A lack of integrity checks performed on communications between a phone's processor and component hardware could motivate attackers to create malicious touchscreen replacements that compromise devices.
A lack of integrity checks performed on communications between a phone's processor and component hardware could motivate attackers to create malicious touchscreen replacements that compromise devices.

Mobile users who substitute their damaged phone touchscreens or other hardware components with third-party replacements could be infecting their phones with malicious components that could allow attackers to completely compromise the device.

Indeed, after installing a replacement touchscreen containing a malicious microcontroller on a Huawei Nexus 6P smartphone, researchers Omer Shwartz, Amir Cohen, Asaf Shabtai, and Yossi Oren from Israel's Ben-Gurion University of the Negev proved they could perform a "touch injection attack" that records, exfiltrates, or injects touch events on a device, as well as a buffer overflow attack that lets the attacker execute arbitrary code within the privileged kernel.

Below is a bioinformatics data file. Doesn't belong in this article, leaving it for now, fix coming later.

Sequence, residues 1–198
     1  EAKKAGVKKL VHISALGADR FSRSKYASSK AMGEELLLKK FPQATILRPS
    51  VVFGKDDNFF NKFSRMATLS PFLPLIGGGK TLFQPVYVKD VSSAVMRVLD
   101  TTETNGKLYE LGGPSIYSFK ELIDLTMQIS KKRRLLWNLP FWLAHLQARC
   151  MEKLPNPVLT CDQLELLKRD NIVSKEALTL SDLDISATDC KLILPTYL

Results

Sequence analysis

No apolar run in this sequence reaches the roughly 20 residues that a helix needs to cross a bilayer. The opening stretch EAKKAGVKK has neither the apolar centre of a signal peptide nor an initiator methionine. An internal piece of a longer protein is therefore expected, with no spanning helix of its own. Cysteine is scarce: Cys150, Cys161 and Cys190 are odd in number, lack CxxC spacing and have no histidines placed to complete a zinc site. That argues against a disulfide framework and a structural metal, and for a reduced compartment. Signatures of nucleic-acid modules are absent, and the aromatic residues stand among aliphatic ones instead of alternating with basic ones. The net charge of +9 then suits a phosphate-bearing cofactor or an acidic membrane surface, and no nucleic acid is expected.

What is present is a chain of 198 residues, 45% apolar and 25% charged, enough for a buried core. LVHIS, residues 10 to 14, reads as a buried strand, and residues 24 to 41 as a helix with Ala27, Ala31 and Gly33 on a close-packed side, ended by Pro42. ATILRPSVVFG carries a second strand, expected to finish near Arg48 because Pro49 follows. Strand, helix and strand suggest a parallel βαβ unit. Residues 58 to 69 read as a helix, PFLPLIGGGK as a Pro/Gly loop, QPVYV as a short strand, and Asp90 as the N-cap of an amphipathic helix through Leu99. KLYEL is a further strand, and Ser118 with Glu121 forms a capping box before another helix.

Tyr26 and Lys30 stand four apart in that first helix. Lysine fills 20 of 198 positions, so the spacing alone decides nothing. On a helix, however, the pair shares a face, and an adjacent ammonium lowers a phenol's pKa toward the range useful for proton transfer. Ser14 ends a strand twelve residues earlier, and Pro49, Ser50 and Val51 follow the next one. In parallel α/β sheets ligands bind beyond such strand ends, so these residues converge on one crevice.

In their research paper, which was publicly presented this month at a Canadian security conference, the researchers explain that combining these two techniques allowed them to conduct end-to-end attacks on the phone, including: maliciously installing software and apps into a device, taking a picture of the phone's user and exfiltrating the image via email, replacing a hand-typed URL with a phishing URL, and recording and exfiltrating the user's screen unlock pattern to an online whiteboard website. Worst of all, the researchers revealed that they could perform an attack that completely "compromises the phone, disables SELinux, and opens a reverse shell to a remote attacker."

The root cause of the problem, according to the research paper, is that third-party driver source code to support hardware components such as touchscreens is "integrated into the vendor's source code," and the "component driver's source code implicitly assumes that the component hardware is authentic and trustworthy," regardless of who supplies it. Consequently, there are very few integrity checks performed on communications between the phone processor and the component, allowing attackers to capitalize on this deficiency.

To mitigate this vulnerability and protect phones from malicious touchscreens, the researchers suggest implementing an I2C interface proxy firewall.